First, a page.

On the second day of his two-day visit to Srinagar, home minister Rajnath Singh met political leaders even as large parts of the Valley remained under curfew-like restrictions for the 16th consecutive day on Sunday.
Sources said Singh met top PDP leaders in the morning. Later, he also met National Conference leader and former chief minister Omar Abdullah and BJP leaders. But the Congress chose not to meet Singh.
The home minister also interacted with civil society members in an effort to find a way out of the latest round of violence to convulse Kashmir.
Speaking to the media after the meeting, Abdullah said that Jammu and Kashmir needs a political solution and not economic packages.
“We have told home minister to open dialogue with all stake holders of the state and also said that there should be a stop to excessive use of force, relaxation in curfew and also mobile internet should be restored, “ said the former CM.
He added that the response of Rajnath Singh was positive.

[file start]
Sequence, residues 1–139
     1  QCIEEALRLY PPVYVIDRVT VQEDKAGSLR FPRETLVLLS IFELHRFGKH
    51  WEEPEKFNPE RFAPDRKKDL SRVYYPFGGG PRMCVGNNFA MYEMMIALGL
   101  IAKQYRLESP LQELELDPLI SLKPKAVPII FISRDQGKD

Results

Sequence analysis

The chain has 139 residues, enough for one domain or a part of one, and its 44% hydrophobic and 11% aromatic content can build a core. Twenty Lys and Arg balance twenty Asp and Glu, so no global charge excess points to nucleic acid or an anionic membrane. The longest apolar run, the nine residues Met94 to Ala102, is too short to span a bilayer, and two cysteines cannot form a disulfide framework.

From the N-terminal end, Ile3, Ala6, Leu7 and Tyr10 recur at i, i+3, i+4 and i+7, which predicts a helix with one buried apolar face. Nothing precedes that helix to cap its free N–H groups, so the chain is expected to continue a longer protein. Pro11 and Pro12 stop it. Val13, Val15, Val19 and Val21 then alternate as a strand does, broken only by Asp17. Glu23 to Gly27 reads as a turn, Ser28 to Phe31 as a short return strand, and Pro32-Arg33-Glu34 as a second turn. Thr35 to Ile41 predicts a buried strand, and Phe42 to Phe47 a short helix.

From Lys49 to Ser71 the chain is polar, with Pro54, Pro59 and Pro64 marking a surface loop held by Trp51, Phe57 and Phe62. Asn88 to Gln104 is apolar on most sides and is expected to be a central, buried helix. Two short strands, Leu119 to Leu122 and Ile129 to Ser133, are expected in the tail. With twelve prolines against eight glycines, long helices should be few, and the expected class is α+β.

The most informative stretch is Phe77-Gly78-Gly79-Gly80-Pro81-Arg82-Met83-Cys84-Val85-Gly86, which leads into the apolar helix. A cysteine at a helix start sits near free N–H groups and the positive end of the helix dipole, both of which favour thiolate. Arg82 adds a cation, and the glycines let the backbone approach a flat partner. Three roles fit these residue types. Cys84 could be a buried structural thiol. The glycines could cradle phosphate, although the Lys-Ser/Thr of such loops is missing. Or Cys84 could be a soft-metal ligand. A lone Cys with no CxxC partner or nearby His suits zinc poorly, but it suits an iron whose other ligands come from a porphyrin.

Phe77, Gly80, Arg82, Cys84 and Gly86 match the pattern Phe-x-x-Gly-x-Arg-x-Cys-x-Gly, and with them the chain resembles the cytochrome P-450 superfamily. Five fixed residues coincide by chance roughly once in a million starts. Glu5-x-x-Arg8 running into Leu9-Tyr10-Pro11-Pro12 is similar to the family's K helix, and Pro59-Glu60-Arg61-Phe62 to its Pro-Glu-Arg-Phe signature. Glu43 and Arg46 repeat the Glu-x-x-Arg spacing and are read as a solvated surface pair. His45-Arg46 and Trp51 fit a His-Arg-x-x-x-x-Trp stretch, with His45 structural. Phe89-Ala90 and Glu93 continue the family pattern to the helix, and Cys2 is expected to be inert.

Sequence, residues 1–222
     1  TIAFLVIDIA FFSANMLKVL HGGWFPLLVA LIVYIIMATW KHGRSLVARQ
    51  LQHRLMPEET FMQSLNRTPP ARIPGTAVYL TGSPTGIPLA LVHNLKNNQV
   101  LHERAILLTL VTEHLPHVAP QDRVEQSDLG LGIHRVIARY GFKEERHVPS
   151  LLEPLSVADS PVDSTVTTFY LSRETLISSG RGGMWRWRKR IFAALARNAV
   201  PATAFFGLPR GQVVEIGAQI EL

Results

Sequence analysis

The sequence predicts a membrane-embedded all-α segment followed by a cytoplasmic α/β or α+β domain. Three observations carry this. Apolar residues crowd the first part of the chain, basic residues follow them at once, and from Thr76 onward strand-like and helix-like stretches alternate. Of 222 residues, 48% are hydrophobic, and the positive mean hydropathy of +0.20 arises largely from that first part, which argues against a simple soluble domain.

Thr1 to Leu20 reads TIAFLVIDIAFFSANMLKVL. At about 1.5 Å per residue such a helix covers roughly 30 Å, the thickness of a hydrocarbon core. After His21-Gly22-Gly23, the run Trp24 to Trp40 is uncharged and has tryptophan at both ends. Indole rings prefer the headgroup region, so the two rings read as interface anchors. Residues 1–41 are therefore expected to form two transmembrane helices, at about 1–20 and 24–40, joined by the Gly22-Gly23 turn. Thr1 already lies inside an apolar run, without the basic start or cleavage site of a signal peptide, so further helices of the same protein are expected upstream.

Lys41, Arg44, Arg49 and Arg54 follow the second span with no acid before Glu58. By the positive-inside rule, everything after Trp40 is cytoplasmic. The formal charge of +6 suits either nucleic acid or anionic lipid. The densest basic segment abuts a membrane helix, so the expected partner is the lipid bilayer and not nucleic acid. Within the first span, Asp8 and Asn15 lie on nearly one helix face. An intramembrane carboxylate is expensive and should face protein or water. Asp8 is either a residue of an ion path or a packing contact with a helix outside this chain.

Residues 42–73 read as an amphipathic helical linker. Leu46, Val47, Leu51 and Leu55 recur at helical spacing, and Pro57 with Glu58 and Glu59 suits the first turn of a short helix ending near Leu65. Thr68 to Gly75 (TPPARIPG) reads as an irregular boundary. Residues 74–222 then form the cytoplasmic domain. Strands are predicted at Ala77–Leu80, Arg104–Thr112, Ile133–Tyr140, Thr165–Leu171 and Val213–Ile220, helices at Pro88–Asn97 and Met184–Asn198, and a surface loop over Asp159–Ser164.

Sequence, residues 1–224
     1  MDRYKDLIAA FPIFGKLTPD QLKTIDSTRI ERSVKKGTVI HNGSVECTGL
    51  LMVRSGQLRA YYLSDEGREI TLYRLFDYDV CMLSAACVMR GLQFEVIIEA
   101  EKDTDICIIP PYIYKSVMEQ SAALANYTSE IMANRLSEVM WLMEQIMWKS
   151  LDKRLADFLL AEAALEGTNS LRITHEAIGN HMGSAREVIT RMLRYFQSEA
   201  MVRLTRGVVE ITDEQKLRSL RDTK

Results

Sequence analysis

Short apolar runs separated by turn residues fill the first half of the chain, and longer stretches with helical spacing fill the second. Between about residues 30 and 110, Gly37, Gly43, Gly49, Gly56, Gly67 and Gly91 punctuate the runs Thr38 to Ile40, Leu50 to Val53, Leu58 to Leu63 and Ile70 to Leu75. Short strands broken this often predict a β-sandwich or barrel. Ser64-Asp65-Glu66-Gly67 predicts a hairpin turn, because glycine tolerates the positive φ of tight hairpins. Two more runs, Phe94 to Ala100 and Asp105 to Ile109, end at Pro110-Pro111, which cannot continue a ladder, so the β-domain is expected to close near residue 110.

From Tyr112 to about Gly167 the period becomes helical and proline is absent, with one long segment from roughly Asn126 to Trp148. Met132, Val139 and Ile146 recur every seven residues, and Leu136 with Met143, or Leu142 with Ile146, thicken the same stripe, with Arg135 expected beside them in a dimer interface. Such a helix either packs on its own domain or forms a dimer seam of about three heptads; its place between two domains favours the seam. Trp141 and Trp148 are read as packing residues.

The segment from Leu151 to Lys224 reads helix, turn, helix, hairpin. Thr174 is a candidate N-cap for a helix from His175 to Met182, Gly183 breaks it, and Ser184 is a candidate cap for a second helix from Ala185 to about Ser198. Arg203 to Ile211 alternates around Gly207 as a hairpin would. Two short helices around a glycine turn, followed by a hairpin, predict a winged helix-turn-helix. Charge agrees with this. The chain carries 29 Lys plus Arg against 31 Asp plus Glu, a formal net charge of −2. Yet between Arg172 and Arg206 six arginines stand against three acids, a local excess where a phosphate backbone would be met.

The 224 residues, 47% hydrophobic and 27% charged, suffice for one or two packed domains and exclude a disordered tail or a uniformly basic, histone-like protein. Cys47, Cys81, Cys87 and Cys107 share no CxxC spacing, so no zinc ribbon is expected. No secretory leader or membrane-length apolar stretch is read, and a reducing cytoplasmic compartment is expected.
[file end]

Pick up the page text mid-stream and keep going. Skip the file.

Singh landed in Srinagar at around noon on Saturday, accompanied by a team of senior home ministry officials and directors-general (DGs) of central paramilitary forces. He met governor NN Vohra and chief minister Mehbooba Mufti late on Saturday.
Government sources said that Singh met a few entrepreneurs, houseboats owners, clerics, Sikh, Pandit community members and common people on Saturday as he took stock of the situation in the Valley that has been rocked by unrest since the elimination of Hizbul Mujahideen commander Burhan Wani earlier this month.
However, several trade bodies including the Kashmir Chamber of Commerce and Industry (KCCI) snubbed the home minister and opted out of their meeting.
Trade body officials told Hindustan Times that they decided to stay away because in the past a number of such meetings have yielded no results and “killings of Kashmiris have continued”.
Mushtaq Ahmad Wani, president of the KCCI, accused security forces of human rights violation.
He said trade bodies have demanded that security officials should be made accountable for the killing of civilians and pellet guns be banned.
“Zero steps have been taken by the government in the past, especially in 2010 when more than 100 young people were killed. Even if we had met the home minister what could we have said apart from only one thing: please stop the killings,” said Ashraf Mir, president of the Federation of Commerce and Industry in Kashmir.